India’s goal to become $1 Trillion Digital economy by the year 2025 is gaining high visibility due to the current pandemic situation and its impact on the ecosystem. The investments in digital technologies is going to change the demand curve and generate businesses exponentially in near future.
The digital economy is mainly comprised of three essential parts- the infrastructure, how the business is conducted, and the selling of goods through online mechanism.
Industry 4.0 is also helping in making the processes more flexible, efficient and effective to produce high-quality goods at reduced costs by leveraging these digital technologies, thereby, enabling the growth of the digital economy. In the Indian context, the manufacturing sector needs a push through incentivization and reforms to increase the GVA which was estimated at US$ 397.14 billion in FY20PE (Financial Year 2020 Provisional Estimate by Ministry of Statistics and Programme Implementation). Moreover, this will also help the government in achieving its overarching aim to create 100 million new jobs in the manufacturing sector by 2022.
Since digital data is becoming an increasingly valuable economic resource, it is very important to understand how to rapidly create value from it. The drivers of value creation in the digital economy consist of two vital elements which are as follows:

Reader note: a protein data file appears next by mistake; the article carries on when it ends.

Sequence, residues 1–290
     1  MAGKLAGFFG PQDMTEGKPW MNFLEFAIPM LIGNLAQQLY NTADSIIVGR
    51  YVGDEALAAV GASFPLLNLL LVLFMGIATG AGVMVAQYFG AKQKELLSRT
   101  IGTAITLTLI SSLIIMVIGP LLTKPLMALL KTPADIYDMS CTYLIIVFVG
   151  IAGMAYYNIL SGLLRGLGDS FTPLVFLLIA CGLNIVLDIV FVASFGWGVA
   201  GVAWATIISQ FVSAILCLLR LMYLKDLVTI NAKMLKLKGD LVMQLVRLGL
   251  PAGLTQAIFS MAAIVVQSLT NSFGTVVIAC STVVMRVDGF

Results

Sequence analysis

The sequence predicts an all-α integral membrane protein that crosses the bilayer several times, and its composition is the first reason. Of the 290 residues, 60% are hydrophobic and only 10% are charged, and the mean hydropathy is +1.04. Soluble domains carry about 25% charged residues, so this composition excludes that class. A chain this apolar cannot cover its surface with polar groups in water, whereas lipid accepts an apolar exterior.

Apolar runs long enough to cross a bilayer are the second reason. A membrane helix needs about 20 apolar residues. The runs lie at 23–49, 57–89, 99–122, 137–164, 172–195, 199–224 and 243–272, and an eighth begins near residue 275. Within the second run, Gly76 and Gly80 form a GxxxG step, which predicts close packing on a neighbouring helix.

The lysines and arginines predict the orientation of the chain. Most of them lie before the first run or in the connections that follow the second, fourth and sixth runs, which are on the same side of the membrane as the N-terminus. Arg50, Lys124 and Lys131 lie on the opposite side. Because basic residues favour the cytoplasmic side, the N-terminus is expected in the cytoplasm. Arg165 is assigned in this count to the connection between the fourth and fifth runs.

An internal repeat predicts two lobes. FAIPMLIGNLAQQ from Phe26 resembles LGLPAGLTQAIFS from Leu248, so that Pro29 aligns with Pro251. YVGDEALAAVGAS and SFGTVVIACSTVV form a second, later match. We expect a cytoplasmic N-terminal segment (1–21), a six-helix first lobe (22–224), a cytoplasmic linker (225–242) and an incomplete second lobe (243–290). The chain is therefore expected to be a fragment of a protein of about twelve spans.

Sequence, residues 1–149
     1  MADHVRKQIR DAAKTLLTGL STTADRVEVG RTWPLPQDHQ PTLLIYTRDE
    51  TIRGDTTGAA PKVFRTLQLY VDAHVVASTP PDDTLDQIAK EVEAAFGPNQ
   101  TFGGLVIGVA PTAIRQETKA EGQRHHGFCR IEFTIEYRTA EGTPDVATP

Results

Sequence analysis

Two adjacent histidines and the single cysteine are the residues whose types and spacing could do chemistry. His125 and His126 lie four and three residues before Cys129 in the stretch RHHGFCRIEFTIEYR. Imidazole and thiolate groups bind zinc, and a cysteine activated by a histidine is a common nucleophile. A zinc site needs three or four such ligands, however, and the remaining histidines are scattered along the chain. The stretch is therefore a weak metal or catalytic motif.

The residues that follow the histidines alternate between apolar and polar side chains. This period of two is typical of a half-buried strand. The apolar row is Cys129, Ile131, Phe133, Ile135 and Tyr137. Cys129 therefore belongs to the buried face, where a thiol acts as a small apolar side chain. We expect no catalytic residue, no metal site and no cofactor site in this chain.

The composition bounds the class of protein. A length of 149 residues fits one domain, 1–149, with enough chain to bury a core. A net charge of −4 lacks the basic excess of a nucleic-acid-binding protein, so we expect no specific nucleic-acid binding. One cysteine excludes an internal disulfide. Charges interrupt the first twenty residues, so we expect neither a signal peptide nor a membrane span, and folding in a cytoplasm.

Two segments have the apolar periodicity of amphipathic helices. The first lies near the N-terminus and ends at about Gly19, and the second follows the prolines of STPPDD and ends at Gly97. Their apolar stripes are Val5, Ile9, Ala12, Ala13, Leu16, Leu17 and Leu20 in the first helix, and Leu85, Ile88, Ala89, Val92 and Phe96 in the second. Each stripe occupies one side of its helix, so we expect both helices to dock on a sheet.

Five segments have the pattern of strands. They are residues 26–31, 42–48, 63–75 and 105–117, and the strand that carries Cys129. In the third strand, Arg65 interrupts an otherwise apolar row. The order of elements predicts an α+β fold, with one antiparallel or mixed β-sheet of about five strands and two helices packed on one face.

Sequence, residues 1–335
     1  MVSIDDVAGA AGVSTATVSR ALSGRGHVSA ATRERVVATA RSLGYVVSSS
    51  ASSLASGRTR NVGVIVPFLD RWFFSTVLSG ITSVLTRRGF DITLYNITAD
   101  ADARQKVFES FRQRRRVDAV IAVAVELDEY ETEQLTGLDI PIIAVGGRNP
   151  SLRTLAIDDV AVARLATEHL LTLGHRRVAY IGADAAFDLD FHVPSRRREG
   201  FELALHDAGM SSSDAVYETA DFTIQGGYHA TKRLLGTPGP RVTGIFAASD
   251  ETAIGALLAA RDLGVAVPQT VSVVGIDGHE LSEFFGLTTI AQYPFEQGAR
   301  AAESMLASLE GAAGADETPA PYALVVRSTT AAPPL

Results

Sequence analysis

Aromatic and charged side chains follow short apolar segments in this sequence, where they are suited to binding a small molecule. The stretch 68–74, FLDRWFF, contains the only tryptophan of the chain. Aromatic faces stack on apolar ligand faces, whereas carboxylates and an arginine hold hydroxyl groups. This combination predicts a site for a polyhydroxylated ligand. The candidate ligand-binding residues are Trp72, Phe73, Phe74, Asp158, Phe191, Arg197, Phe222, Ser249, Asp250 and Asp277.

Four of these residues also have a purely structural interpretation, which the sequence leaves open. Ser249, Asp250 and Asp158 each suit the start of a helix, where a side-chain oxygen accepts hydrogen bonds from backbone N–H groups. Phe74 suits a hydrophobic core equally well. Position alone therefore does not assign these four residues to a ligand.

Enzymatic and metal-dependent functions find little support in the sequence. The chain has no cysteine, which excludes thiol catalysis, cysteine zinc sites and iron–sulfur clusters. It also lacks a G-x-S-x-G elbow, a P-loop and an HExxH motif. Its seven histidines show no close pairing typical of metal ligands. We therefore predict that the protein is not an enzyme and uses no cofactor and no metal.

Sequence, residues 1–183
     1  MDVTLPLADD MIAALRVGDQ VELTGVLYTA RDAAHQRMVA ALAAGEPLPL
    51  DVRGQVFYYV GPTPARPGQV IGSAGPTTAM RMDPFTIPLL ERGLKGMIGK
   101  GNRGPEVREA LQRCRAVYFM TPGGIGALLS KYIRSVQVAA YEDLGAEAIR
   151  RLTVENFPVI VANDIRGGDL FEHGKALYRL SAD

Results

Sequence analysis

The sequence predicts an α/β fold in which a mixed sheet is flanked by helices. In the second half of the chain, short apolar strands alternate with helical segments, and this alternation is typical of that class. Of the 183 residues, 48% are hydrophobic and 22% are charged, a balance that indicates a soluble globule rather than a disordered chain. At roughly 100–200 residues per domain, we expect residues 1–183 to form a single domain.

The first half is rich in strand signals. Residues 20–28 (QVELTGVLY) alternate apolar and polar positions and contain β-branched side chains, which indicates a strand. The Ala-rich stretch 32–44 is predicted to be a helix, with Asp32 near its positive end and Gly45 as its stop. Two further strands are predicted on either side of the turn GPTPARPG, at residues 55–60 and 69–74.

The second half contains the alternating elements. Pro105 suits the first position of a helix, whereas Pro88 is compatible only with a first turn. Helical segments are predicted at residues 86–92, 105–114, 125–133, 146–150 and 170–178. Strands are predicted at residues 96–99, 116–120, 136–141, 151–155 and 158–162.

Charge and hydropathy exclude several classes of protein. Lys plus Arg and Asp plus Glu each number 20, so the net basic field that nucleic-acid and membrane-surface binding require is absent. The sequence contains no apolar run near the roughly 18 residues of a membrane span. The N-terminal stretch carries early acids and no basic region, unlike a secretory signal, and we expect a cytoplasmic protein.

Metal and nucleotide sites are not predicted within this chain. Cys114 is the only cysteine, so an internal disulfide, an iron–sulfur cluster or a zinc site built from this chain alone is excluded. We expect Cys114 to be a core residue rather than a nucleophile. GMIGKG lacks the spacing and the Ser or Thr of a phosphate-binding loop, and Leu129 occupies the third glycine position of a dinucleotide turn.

- Digital Platforms– As per Geoffrey Parker, “platform is a business based on enabling value-creating interactions between external producers and consumers. The platform provides an open, participative infrastructure for these interactions and sets governance conditions for them”. Digital platforms offer these mechanisms online and can be both intermediaries and infrastructures. The intermediaries connect different groups of people.
For example, Facebook or any other social media channel connects users, advertisers, developers, companies and others, and Uber or any other online taxi hiring medium connects riders and drivers. Many platforms also serve as infrastructures. For example, users can develop profile pages on Facebook, and software developers can build apps for Apple’s App Store. The growth of digital platforms as a result of technological developments is strongly linked to their increasing capacity to collect and analyze digital data.